So knowing that there is another point of contact, which is ground, we understand that ground is the second point of contact we are providing that completes the circuit, through our bodies. Even through clothes, shoes, carpet, wooden floors, etc… we still feel a shock because all of those things conduct electricity to some degree at high voltage, and thus create in us a conductive path to ground at almost all times.

    So when you touch the metal end of your voltage tester, you are the one completing the needed voltage path to ground, which will illuminate the LED in the tester. Hope this helps.
     
    Last edited: Feb 3, 2012
  5. BillB3857

    Senior Member

    Feb 28, 2009
    2,400
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    If indeed you do have one of the NEON type testers you will see two rods inside a glass bulb. With AC, both will tend to glow. Actually they are taking turns glowing at either 50 or 60 times per second, depending upon where in the world you live. For DC, only one electrode will glow. It will indicate the NEGATIVE lead. These units usually require somewhere around 55 to 60 volts to light up. Inside the housing, there is a resistor to limit the amount of current the bulb can draw.
     
  6. aamirali

    Thread Starter Member

    Feb 2, 2012
    415
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    Like you said above it even conducts some current via wooden chair. But they are very high insulators. Moreover wooden chair is placed on tile flooring & do floor also conduct a bit at high voltage?

    One funny thing I have done, is jumping in air & then making contact with metal. Air is very high insulator. But tester still works?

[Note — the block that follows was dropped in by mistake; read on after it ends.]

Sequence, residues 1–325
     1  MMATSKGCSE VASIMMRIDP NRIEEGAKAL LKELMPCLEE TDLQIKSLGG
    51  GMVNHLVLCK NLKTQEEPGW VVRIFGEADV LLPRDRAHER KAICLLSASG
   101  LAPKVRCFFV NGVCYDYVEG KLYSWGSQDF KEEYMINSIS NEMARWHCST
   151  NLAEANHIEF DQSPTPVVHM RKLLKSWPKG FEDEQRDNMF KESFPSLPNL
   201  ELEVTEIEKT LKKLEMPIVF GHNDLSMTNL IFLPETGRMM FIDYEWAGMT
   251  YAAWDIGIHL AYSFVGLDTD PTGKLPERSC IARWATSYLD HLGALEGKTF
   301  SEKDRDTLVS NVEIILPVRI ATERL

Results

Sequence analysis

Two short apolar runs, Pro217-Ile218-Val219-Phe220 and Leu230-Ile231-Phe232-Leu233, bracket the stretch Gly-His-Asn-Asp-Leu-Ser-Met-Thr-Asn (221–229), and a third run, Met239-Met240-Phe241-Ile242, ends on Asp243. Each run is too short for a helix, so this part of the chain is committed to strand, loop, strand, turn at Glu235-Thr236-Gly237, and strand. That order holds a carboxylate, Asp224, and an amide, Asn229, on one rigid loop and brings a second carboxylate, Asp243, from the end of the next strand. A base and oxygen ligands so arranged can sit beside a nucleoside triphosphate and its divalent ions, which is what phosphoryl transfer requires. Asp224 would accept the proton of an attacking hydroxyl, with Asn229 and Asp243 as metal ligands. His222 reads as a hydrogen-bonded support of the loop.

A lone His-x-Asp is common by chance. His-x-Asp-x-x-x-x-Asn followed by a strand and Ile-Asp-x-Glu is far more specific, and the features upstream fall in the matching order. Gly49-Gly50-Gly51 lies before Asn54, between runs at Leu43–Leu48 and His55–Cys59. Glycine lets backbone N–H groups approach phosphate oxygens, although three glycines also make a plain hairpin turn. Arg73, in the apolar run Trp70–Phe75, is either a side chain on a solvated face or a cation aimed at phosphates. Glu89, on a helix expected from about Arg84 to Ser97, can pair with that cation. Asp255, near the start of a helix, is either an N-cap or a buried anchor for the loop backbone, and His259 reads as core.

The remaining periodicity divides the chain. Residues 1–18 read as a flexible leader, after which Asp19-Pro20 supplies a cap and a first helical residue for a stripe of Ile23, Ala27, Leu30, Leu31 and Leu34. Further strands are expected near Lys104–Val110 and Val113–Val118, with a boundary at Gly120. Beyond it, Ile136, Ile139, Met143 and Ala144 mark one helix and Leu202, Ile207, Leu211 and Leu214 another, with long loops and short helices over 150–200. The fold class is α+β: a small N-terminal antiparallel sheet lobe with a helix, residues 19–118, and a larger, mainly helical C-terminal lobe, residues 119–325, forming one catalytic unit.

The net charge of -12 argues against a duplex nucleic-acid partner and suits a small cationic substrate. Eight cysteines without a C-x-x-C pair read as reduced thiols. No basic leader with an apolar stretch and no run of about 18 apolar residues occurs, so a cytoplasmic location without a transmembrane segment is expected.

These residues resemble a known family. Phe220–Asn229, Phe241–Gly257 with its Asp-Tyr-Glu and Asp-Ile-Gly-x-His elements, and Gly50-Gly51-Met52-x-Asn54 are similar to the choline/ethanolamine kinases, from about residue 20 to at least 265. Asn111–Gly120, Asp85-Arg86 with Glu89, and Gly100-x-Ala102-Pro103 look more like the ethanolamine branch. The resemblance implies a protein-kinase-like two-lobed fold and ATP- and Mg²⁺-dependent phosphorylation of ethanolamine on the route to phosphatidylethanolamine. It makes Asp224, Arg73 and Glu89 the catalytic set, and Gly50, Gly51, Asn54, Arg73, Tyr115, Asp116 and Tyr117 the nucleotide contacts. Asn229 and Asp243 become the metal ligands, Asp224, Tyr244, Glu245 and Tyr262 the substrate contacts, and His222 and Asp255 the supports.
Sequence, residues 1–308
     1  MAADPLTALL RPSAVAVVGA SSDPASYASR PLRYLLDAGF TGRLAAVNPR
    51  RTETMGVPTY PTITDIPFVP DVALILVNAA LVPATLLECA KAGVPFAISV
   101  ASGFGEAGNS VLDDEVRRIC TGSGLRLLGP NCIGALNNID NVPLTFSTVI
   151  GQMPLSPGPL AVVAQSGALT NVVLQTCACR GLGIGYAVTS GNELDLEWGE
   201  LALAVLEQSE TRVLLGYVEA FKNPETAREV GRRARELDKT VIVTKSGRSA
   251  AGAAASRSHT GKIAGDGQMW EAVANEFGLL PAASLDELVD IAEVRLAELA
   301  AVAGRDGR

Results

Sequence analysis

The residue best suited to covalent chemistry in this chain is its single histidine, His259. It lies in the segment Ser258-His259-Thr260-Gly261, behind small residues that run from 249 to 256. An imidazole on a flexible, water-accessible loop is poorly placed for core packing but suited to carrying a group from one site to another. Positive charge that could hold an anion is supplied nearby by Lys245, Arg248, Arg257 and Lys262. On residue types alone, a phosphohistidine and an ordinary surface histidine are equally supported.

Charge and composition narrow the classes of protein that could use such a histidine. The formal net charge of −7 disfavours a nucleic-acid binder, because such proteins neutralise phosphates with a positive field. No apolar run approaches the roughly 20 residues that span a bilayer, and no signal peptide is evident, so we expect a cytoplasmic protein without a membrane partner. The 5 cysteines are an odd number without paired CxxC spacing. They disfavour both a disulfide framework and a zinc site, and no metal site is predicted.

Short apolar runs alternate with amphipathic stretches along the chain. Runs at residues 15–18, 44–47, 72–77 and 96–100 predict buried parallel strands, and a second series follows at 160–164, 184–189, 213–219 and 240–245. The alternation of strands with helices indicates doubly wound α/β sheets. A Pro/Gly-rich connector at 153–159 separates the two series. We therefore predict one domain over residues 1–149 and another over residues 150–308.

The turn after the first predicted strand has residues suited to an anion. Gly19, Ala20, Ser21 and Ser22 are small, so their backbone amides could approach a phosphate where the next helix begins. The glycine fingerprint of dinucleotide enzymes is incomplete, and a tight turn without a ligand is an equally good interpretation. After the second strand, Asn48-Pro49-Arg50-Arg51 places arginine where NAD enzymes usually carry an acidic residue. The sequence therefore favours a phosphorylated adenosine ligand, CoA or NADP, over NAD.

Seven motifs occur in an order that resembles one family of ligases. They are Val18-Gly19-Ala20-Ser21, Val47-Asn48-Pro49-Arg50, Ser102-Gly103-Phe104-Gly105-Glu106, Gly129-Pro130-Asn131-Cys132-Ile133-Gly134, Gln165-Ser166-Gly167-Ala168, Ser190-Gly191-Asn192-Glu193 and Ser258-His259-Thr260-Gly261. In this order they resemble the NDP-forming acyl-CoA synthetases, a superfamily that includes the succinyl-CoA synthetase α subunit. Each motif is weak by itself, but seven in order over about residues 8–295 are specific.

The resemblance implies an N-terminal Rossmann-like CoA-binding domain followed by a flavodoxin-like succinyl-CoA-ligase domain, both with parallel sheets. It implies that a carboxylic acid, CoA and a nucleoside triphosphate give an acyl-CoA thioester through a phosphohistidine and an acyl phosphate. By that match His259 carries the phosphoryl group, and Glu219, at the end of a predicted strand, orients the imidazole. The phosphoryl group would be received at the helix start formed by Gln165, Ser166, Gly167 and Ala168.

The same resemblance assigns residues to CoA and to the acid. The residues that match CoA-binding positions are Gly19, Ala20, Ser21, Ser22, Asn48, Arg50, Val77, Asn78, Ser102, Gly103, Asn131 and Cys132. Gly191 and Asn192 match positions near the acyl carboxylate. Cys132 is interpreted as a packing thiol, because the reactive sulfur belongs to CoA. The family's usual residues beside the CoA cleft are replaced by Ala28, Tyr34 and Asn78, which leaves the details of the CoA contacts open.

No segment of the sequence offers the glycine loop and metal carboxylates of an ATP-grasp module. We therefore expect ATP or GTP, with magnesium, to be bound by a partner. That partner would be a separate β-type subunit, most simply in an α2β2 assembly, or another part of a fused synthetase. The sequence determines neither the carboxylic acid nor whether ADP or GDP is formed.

// Jumping in air test is dangerous & tested under proper measures. Don't try this at home. ;) Just an empty devil's mind at work.
     
  7. BillB3857

    Senior Member

    Feb 28, 2009
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    Think of your body as a large bucket. When you are touching one lead of your tester and the other lead is connected to line power, for 8ms (assume 60Hz) electrons (not many) flow into your body, the next 8ms, electrons flow out of your body. Since they are not filing your body, nothing happens except the light glows. Now, shuffle your feed across a carpet. Electrons flow to your body from the carpet, but don't flow back. After a while, your body has a lot of extra electrons. Touch a grounded device and you get a spark. Your body is getting rid of the extra electrons. That is static electricity. Now I may have it exactly backwards, but the concept is the same.
     
  8. bretm

    Member

    Feb 6, 2012
    152
    24
    That's just it -- it doesn't. Look at the circuit symbol for a capacitor. It looks like a break in the wire. And in fact it is. The electrons do not actually pass all the way through the capacitor.
     
  9. aamirali

    Thread Starter Member

    Feb 2, 2012
    415
    1